Skip to main content

A budget that trusts the American people

By Paul Ryan
updated 1:31 PM EDT, Thu April 10, 2014
Rep. Paul Ryan's 2015 budget calls for $5.1 trillion in spending cuts over the next decade.
Rep. Paul Ryan's 2015 budget calls for $5.1 trillion in spending cuts over the next decade.
STORY HIGHLIGHTS
  • Rep. Paul Ryan says the GOP budget places its trust in the people, not Washington
  • The GOP budget cuts $5.1 trillion in spending over the next decade, says Ryan
  • House approved Ryan's budget Thursday, but Senate is not expected to take up the measure

Editor's note: Rep. Paul Ryan, R-Wisconsin, is the chairman of the House Budget Committee. You can follow him on Twitter @RepPaulRyan. The opinions expressed in this commentary are solely those of the author.

(CNN) -- For the fourth year in a row, House Republicans have passed a balanced budget.

Each time, we've put forward a plan that stops spending money we don't have, creates jobs with pro-growth reforms, strengthens the safety net, and expands opportunity for all. And each time we've learned a little bit more about where the two parties stand.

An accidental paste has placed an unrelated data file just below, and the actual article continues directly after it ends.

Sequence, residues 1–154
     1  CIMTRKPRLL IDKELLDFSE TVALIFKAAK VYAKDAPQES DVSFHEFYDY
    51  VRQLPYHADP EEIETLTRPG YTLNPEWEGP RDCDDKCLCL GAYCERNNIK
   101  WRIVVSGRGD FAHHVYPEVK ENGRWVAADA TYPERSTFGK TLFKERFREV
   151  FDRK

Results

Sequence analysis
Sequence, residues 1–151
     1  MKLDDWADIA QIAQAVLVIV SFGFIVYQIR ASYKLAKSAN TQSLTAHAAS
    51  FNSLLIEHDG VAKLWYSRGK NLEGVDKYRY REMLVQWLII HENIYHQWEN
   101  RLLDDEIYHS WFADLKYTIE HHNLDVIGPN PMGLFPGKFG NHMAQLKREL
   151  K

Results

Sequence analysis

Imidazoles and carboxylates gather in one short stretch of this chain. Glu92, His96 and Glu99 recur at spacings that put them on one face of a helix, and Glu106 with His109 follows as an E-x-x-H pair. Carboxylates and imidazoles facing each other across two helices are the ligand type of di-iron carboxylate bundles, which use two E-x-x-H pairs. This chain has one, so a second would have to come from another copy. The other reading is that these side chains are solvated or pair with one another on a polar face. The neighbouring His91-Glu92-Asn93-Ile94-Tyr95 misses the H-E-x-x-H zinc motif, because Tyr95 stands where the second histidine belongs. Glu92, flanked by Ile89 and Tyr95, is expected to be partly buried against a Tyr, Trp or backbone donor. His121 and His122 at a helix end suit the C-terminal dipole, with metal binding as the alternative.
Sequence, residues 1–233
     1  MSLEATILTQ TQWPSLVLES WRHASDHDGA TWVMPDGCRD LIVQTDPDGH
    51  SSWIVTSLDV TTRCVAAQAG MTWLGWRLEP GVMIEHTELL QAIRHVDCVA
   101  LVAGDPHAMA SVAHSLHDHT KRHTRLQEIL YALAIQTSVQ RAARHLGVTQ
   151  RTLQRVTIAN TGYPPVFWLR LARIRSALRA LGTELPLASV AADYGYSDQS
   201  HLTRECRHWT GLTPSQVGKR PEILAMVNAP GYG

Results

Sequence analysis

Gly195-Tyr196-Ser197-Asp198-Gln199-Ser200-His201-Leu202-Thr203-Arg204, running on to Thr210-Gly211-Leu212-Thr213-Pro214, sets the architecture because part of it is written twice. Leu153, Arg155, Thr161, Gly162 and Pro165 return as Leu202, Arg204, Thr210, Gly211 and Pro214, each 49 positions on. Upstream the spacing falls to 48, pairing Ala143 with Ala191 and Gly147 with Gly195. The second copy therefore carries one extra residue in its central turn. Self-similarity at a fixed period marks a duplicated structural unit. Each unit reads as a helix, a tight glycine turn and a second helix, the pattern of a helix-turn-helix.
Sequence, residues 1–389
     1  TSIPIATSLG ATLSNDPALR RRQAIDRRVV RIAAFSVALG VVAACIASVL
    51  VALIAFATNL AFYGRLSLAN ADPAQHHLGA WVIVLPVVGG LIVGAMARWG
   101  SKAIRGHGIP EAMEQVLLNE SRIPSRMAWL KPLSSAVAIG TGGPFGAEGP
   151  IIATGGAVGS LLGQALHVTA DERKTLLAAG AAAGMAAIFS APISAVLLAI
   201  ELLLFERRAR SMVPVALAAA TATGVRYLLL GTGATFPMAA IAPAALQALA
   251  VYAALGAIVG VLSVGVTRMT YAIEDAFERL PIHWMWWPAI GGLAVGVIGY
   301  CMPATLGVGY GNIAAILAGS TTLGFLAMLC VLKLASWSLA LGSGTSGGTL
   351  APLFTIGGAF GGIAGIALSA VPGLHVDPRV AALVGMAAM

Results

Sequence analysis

If you look at President Barack Obama's budget -- Senate Democrats refused to write one this year -- it's clear where he and his party place their trust: Washington.

He wants to raise taxes by $1.8 trillion -- on top of the $1.7 trillion he's already raised. He wants to increase spending by $791 billion. And he never balances the budget -- ever.

Paul Ryan
Paul Ryan

Time and again, the President and his party put government in the driver's seat. They want to take more from families to spend more in Washington. Whether it's health care, energy, or taxes, Democrats want the federal government to play a bigger role in the lives of Americans and our economy.

And that's great for Washington; it thrives on more power. But the American people will lose out. They'll face less opportunity, more debt, and fewer jobs.

By contrast, House Republicans have put forward a plan that puts our trust in the people. Our plan balances the budget in just 10 years. We cut $5.1 trillion in spending over the next decade by eliminating waste and making much-needed reforms.